Cook, who joined the merchant navy as a teen and the Royal Navy in 1755, when he was in his late 20’s, was a born explorer. While serving in the Seven Years’ War, he surveyed and mapped most of the entrance to the Saint Lawrence River, which brought him to the attention of the Admiralty and Royal Society. He was named commander of HM Bark Endeavor in 1766 and sent of the first of his three voyages to the Pacific.
The Pacific, at that time, was a sort of no-man’s land to most Europeans. Cook had to sail thousands of miles through mostly uncharted waters, exploring areas previously unknown to his countrymen. During his voyages, he mapped New Zealand and Hawaii, recorded several islands, and made first European contact with the eastern coastline of Australia and Hawaii. He also made the first recorded circumnavigation of New Zealand.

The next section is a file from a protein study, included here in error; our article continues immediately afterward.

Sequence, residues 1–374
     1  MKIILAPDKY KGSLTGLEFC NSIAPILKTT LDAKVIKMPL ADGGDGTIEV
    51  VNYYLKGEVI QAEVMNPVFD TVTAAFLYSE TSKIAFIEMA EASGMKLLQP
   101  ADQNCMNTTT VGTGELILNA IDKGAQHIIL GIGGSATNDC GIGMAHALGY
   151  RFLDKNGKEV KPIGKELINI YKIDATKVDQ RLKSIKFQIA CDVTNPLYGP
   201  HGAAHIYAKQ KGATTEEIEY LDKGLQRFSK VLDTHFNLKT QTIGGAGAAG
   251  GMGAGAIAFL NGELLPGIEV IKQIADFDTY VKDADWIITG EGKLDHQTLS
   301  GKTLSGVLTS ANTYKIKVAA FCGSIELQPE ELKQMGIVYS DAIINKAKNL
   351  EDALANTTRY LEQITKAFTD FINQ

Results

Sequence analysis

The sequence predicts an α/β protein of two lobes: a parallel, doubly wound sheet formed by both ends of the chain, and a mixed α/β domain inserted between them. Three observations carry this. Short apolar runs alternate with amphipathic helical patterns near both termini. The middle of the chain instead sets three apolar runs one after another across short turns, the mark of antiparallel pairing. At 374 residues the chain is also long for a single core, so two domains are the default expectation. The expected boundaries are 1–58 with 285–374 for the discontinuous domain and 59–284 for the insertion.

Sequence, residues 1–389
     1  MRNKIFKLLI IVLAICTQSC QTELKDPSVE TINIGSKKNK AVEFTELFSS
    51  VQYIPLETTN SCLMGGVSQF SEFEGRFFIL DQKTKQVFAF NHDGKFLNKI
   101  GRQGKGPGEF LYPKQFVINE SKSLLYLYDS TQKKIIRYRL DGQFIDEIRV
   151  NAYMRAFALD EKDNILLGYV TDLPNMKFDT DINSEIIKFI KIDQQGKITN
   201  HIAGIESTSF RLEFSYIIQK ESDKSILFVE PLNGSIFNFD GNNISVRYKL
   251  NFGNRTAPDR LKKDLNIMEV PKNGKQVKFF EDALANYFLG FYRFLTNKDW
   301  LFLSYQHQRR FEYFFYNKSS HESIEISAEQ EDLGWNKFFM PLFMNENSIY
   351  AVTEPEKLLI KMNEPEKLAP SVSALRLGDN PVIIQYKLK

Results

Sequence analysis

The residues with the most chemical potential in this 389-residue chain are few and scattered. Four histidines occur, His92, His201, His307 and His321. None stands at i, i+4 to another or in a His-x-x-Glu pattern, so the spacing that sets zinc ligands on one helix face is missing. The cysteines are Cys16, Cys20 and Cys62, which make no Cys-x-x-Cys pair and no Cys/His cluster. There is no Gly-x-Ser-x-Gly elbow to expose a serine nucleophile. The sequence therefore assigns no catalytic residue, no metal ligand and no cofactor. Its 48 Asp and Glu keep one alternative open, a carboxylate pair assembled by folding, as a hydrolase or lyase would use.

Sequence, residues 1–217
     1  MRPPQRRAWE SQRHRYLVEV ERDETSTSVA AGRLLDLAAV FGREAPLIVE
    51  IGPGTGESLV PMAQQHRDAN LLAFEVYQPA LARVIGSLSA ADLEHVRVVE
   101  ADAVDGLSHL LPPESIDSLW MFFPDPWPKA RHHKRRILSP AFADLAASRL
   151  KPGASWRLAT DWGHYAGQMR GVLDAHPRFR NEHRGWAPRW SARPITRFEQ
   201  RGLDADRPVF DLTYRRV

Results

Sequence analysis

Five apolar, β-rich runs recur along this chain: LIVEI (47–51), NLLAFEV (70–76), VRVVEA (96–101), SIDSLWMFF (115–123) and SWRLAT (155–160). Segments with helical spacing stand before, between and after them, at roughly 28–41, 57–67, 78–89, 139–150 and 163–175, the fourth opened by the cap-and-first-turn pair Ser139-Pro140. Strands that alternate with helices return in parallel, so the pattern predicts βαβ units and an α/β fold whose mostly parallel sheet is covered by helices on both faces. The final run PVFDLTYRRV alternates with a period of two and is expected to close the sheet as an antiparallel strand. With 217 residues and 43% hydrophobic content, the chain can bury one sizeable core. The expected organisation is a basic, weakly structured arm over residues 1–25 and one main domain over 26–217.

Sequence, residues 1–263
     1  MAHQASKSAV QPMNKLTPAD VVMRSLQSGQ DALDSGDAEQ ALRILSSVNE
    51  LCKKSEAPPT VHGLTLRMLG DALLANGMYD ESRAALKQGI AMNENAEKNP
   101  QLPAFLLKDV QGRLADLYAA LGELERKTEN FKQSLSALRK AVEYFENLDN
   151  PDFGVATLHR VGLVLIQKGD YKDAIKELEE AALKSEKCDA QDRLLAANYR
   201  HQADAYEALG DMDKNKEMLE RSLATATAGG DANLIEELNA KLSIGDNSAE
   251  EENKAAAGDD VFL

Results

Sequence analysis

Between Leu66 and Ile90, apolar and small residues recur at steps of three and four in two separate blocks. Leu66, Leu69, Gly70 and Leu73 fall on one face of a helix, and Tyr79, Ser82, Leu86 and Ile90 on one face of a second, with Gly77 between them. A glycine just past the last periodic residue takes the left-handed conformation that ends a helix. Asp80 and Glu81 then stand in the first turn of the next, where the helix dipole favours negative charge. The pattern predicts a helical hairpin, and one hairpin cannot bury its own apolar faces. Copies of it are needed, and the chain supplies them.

Sadly, Cook was killed in an altercation with native Hawaiians during his third exploratory voyage in 1779. He left behind a wealth of knowledge that greatly aided later exploration, knowledge, and European expansion (for better or for worse).